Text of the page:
Though I hadn’t heard of it before, I was delighted to see a publication called VOIP News cite the Cato Institute as one of 15 “Greatest Enemies of Net Neutrality.” As VOIP News says, we are indeed a “voice of reason during political debates.”
Alas, I’m selectively quoting. What they actually said, snidely, was that Cato is a “hired voice of reason during political debates, because of its pseudo‐academic affiliations.” (I don’t know why they italicized “voice of reason” — I always thought Reason was the voice of reason.)
But my selective quotation is as accurate as the selective research that VOIP News did for this fluffy hit piece. You see, Cato recently published a lengthy paper that articulates the benefits of net neutrality (referred to as the end‐to‐end principle).
Where do you find that in the paper? Here’s the first paragraph of the executive summary:
An important reason for the Internet’s remarkable growth over the last quarter century is the “end‐to‐end” principle that networks should confine themselves to transmitting generic packets without worrying about their contents. Not only has this made deployment of internet infrastructure cheap and efficient, but it has created fertile ground for entrepreneurship. On a network that respects the end‐to‐end principle, prior approval from network owners is not needed to launch new applications, services, or content.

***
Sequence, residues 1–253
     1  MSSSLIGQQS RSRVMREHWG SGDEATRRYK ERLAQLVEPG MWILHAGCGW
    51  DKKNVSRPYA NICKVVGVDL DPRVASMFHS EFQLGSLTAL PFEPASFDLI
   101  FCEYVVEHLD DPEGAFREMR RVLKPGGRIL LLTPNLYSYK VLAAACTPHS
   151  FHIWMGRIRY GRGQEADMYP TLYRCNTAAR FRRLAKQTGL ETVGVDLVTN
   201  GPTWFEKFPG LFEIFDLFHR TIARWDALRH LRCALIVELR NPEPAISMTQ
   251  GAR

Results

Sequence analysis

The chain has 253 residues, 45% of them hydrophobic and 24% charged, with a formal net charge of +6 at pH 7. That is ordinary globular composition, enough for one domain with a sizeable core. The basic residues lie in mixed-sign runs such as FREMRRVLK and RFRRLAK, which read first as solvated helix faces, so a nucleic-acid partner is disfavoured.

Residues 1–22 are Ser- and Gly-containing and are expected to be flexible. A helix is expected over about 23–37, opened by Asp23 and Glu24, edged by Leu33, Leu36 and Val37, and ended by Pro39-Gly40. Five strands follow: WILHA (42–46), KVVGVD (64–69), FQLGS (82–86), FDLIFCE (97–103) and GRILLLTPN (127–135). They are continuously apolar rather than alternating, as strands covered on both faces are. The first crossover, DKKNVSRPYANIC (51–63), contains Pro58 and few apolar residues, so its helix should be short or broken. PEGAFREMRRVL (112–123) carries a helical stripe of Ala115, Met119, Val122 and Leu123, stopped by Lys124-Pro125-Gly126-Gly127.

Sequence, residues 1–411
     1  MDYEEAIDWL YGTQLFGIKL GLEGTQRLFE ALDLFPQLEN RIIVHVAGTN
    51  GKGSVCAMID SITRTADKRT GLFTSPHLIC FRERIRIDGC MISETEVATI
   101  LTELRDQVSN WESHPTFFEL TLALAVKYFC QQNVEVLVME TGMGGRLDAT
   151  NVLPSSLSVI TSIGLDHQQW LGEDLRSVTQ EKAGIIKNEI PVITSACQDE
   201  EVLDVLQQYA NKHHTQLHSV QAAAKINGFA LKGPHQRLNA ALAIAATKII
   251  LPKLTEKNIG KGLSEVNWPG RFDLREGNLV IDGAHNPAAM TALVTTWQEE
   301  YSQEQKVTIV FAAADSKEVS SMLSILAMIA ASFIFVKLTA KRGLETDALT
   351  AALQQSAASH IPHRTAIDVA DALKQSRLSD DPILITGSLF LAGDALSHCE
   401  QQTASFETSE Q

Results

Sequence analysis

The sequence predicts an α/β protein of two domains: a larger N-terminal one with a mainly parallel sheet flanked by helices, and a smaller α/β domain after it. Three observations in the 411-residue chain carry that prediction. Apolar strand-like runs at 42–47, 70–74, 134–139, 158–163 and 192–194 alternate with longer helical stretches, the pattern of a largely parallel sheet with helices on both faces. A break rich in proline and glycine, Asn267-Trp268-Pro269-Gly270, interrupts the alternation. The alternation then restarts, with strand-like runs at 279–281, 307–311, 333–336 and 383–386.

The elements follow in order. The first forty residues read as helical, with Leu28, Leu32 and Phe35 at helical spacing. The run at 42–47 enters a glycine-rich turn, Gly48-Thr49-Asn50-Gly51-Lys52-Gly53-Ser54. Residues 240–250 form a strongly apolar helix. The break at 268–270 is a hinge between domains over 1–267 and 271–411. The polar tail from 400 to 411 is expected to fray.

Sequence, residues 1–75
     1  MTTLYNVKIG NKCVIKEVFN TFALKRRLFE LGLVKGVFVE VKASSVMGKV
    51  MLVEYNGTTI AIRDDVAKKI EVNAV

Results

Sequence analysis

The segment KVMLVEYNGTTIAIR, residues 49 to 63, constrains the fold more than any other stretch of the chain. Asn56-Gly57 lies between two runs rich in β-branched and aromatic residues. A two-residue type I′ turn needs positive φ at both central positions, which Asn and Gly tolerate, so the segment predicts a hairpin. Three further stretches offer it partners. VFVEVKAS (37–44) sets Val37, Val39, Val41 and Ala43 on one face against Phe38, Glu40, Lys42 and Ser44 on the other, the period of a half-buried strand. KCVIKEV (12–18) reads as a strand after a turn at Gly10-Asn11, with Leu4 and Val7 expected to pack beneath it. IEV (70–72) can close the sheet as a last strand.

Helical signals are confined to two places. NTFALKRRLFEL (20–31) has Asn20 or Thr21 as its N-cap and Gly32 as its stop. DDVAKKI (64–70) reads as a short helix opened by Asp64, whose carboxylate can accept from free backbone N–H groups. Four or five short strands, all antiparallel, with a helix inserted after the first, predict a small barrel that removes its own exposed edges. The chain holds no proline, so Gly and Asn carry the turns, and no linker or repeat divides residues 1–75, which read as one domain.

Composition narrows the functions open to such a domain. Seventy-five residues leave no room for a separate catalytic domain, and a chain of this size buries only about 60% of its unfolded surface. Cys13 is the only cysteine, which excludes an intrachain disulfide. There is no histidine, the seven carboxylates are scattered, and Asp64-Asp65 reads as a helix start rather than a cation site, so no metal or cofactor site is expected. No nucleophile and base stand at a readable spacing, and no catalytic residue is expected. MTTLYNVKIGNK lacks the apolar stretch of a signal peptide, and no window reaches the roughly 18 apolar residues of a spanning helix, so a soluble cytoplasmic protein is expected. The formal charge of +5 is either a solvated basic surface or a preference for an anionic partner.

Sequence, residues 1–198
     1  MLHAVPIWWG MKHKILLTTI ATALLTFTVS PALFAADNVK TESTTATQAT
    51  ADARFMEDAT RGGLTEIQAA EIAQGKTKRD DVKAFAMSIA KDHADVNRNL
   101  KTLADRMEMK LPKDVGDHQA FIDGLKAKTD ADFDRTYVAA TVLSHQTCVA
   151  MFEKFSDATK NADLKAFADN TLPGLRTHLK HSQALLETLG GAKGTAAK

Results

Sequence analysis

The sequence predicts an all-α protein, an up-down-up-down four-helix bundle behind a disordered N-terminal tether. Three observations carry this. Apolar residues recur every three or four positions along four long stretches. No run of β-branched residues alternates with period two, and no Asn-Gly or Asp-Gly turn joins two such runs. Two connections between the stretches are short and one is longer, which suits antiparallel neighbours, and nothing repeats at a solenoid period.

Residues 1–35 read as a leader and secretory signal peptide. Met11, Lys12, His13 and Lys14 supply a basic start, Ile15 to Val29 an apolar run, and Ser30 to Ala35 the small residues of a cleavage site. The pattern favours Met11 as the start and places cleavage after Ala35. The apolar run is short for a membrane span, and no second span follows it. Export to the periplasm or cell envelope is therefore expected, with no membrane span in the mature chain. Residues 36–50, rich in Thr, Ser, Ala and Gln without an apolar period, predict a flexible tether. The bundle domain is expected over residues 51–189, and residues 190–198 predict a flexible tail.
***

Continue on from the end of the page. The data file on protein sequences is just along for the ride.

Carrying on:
The paper expresses well‐founded concerns about net neutrality regulation—taking a good engineering practice and making a mandate of it for lawyers and bureaucrats to implement. From the executive summary’s third paragraph:
New regulations inevitably come with unintended consequences. Indeed, today’s network neutrality debate is strikingly similar to the debate that produced the first modern regulatory agency, the Interstate Commerce Commission. Unfortunately, rather than protecting consumers from the railroads, the ICC protected the railroads from competition by erecting new barriers to entry in the surface transportation marketplace. Other 20th‐century regulatory agencies also limited competition in the industries they regulated. Like these older regulatory regimes, network neutrality regulations are likely not to achieve their intended aims.
It’s tough sledding, working through most of a one‐page executive summary. But many publications go that far in researching the pieces they publish.
I do sincerely appreciate the nod to our prominence in this debate. I hope VOIP News does a better job of portraying where we stand and why in the future.